Advanced Placement • UC Honors Approved Mathematics

     

    The level of rigor in these AP® Math courses is equivalent to that required of students in a freshman or sophomore college course in this area of study. These courses have been audited and approved by the College Board and prepare students for the College Board Advanced Placement® examination.

  • AP® Statistics

    The AP® Statistics course introduces students to the major concepts and tools for collecting, analyzing, and drawing conclusions from data. There are four themes evident in the content, skills, and assessment in the AP Statistics course: exploring data, sampling and experimentation, probability and simulation, and statistical inference. Students use technology, investigations, problem solving, and writing as they build conceptual understanding. The purpose of this course is to provide students with a deep understanding of the concepts of statistics to prepare them for the AP Statistics Exam and for future higher education statistics courses.

    Online or Handheld Graphing Utility Required

    Prerequisite: Successful completion of Algebra 2

    Advanced Placement • UC Honors Approved Mathematics • NCAA Approved Mathematics

     

    The level of rigor in these AP® Math courses is equivalent to that required of students in a freshman or sophomore college course in this area of study. These courses have been audited and approved by the College Board and prepare students for the College Board Advanced Placement® examination.

AP® Science

  • AP® Biology

    AP® Biology is designed to provide a college-level experience and prepare students for the AP exam in early May. Students will be provided with a foundation for developing an understanding for biological concepts through scientific inquiry, investigations, interactive experiences, higher-order thinking, real-world applications, writing analytical essays, statistical analysis, interpreting and collecting data. The key big ideas of the AP Biology course are system interactions, evolution, energetics, information storage, and transmission. Students will participate in a variety of engaging activities that enhance their mastery of biology concepts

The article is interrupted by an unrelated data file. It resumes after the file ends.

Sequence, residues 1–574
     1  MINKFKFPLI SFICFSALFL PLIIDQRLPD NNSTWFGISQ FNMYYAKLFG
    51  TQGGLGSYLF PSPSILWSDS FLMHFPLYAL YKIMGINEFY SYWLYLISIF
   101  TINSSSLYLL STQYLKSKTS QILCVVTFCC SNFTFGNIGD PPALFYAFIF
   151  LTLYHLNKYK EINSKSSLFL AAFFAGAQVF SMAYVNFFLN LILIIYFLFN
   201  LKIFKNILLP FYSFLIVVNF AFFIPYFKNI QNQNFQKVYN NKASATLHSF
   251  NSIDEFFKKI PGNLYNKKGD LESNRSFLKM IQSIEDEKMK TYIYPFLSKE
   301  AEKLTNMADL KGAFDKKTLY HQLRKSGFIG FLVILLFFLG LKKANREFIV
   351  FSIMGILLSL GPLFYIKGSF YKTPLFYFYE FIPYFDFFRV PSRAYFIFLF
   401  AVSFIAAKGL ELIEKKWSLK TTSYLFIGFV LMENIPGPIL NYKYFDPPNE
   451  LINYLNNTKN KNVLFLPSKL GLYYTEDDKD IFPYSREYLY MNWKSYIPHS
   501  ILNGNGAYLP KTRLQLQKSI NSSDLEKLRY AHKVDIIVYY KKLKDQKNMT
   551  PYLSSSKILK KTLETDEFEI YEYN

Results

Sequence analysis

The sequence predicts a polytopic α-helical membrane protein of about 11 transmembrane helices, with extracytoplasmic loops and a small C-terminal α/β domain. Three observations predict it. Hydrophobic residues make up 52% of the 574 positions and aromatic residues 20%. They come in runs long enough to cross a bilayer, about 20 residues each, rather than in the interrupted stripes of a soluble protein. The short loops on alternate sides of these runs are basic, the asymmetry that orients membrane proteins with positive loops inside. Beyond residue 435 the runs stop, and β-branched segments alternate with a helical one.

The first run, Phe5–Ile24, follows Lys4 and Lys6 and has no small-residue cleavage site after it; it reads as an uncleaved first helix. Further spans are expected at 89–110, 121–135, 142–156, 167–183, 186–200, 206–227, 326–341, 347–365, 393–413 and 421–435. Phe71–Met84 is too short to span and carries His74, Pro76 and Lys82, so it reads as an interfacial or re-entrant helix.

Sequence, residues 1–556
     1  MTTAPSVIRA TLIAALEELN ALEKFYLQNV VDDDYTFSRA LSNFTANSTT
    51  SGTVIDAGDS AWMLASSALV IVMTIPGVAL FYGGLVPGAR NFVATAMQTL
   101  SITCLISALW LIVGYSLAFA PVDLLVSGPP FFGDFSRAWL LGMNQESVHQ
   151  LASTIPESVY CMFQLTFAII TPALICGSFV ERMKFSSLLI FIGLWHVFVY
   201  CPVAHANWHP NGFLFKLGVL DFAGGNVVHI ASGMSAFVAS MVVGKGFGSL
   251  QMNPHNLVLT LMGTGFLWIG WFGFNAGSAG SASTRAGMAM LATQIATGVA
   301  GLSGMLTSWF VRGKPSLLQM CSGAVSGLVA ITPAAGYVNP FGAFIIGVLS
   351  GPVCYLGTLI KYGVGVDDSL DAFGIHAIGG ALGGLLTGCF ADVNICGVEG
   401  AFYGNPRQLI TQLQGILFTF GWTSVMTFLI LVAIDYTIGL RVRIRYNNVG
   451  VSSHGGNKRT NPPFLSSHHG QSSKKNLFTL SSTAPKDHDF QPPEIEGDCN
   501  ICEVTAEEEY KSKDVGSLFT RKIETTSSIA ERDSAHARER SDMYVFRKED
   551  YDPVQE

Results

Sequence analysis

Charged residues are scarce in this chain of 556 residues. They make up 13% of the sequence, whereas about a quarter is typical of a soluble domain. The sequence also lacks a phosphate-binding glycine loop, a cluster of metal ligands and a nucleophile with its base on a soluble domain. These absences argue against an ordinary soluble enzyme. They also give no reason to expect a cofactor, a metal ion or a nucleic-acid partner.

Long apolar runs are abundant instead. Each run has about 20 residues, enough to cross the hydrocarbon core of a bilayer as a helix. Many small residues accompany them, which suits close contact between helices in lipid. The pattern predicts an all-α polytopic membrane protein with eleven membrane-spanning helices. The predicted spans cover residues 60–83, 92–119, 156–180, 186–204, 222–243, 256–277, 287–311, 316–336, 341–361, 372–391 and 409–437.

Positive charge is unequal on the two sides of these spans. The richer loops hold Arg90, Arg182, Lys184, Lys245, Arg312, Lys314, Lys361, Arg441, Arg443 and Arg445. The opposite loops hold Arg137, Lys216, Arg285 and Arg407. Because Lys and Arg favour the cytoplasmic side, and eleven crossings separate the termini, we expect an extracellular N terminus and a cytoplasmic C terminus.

Prerequisite: Successful completion of Biology, Chemistry, and Algebra 1

    Advanced Placement • UC Honors Approved Science • NCAA Approved Science

     

    The level of rigor in these AP® Science courses is equivalent to that required of students in a freshman or sophomore college course in this area of study. These courses have been audited and approved by the College Board and prepare students for the College Board Advanced Placement® examination.

  • AP® Chemistry

    The AP® Chemistry course provides students with a college-level foundation to support future advanced coursework in chemistry. Students cultivate their understanding of chemistry through inquiry-based lab investigations as they explore content such as: atomic structure, intermolecular forces and bonding, chemical reactions, kinetics, thermodynamics, and equilibrium.

    Requirement: Students will receive a lab kit to complete the required lab component

    Prerequisite: Successful completion of Biology, Chemistry, Geometry, and Algebra 2

    Advanced Placement • UC Honors Approved Science • NCAA Approved Science

     

    The level of rigor in these AP® Science courses is equivalent to that required of students in a freshman or sophomore college course in this area of study. These courses have been audited and approved by the College Board and prepare students for the College Board Advanced Placement® examination.

  • AP® Physics 1

    AP® Physics 1 is equivalent to the first semester of an algebra-based college-level course in physics and prepares students to seek credit and/or appropriate placement in college physics courses. This course is structured around the six big ideas that are intended to encourage students to think about physics concepts as interconnected pieces of a puzzle. The solution to the puzzle is how the real world around them actually works. Students will participate in inquiry-based explorations to gain a more conceptual understanding of physics concepts. They will spend less of their time in traditional formula-based learning and more of their effort will be directed to developing critical thinking and reasoning skills.

    A special emphasis will be placed on capturing important aspects of the work that scientists engage in, with learning objectives that combine content with inquiry and reasoning skills. With teacher guidance, students explore physics, perform hands-on labs, engage with a suite of virtual labs and participate in online discussions with their peers. A variety of assessments are delivered at regular intervals to monitor learning progress.

    Requirement: Students will receive a lab kit to complete the required lab component

    Prerequisite: Successful completion of Algebra 2 and Trigonometry or concurrent enrollment in Pre-Calculus

    Advanced Placement • UC Honors Approved Science • NCAA Approved Science